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I think its important to remember that all people can make a difference. Whether it be a welfarist, rightist or abolitionist, we all have something we are fighting for. As long as we all keep on track and go for that change, we can make a difference. It will never be exactly how everyone wants it. That's just life. But if a welfarist can make living conditions better for dogs in shelters and rightists can help change laws to get elephants out of circuses and the abolitionist can rescue animals, I fail to see how any of these don't matter. There will be bickering I mean, what social movement doesn't have bickering? Every social movement has the "mainstream" and the "extremist" movement. This movement, our movement, is about animals. The animals need us all to make a difference the best way we each individually can. Just do it because the animals don't have any time to spare, they've waited long enough.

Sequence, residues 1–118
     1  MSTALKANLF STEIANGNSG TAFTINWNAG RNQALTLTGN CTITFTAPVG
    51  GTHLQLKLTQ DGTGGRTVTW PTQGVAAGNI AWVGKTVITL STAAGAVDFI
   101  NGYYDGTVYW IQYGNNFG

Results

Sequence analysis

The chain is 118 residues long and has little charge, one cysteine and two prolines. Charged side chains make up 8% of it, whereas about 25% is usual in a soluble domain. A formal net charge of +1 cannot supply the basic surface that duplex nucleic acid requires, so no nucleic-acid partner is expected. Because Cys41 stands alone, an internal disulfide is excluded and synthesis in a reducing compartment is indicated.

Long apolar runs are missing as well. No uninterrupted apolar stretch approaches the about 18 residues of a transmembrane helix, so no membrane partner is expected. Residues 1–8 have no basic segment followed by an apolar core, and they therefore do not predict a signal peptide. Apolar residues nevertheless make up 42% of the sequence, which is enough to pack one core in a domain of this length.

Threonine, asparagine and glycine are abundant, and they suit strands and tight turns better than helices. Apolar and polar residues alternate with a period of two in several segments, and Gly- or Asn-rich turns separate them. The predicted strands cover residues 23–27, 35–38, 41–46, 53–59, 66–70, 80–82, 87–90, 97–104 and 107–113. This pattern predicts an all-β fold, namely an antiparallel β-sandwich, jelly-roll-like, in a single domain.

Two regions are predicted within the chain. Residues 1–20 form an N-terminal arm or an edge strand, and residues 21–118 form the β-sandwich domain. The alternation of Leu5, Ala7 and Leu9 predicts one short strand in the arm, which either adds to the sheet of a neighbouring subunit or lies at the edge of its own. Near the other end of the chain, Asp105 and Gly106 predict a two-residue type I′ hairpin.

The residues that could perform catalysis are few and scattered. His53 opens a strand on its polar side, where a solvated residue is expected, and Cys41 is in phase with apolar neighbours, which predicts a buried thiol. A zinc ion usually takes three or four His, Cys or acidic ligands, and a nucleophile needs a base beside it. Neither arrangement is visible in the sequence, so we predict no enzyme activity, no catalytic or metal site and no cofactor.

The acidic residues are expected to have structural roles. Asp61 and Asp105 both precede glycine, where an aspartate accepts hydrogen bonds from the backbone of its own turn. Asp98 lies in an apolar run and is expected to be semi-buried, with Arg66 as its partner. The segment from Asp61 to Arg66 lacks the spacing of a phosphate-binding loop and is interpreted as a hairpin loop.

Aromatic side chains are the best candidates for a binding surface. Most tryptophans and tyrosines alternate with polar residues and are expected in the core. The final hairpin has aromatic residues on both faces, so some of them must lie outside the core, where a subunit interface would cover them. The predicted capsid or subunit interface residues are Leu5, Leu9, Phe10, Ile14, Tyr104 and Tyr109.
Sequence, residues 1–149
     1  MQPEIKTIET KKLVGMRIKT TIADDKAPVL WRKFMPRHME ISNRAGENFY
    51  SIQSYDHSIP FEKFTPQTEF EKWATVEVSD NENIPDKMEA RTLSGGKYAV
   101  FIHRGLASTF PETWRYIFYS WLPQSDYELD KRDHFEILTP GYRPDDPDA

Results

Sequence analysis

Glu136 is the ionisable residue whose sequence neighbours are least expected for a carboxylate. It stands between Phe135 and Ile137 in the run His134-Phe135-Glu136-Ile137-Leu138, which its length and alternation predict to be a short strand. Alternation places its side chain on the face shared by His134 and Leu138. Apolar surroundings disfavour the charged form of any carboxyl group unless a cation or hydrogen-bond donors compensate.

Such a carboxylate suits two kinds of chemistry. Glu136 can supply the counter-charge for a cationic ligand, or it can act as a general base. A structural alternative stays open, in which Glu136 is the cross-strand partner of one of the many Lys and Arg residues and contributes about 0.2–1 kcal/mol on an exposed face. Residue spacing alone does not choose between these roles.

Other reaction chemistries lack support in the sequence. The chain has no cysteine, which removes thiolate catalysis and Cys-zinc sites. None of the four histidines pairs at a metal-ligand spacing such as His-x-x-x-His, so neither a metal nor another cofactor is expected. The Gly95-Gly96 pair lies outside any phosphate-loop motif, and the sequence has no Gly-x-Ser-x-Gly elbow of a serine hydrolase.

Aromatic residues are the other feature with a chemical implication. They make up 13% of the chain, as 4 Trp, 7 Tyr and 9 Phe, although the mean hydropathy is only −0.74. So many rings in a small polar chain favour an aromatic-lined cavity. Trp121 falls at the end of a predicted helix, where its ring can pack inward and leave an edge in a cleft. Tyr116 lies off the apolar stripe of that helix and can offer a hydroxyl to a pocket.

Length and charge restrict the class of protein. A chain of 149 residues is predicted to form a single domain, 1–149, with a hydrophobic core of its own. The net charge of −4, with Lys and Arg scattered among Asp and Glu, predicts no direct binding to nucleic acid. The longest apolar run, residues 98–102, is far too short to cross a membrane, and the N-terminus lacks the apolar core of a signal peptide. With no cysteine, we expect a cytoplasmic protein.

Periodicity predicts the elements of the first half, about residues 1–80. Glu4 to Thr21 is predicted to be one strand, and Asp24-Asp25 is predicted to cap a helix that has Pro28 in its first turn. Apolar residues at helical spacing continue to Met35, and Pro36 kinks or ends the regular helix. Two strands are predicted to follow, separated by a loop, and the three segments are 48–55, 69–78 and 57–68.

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#18 Old 10-20-2009, 08:48 AM
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I think its important to remember that all people can make a difference. Whether it be a welfarist, rightist or abolitionist, we all have something we are fighting for. As long as we all keep on track and go for that change, we can make a difference. It will never be exactly how everyone wants it. That's just life. But if a welfarist can make living conditions better for dogs in shelters and rightists can help change laws to get elephants out of circuses and the abolitionist can rescue animals, I fail to see how any of these don't matter. There will be bickering I mean, what social movement doesn't have bickering? Every social movement has the "mainstream" and the "extremist" movement. This movement, our movement, is about animals. The animals need us all to make a difference the best way we each individually can. Just do it because the animals don't have any time to spare, they've waited long enough.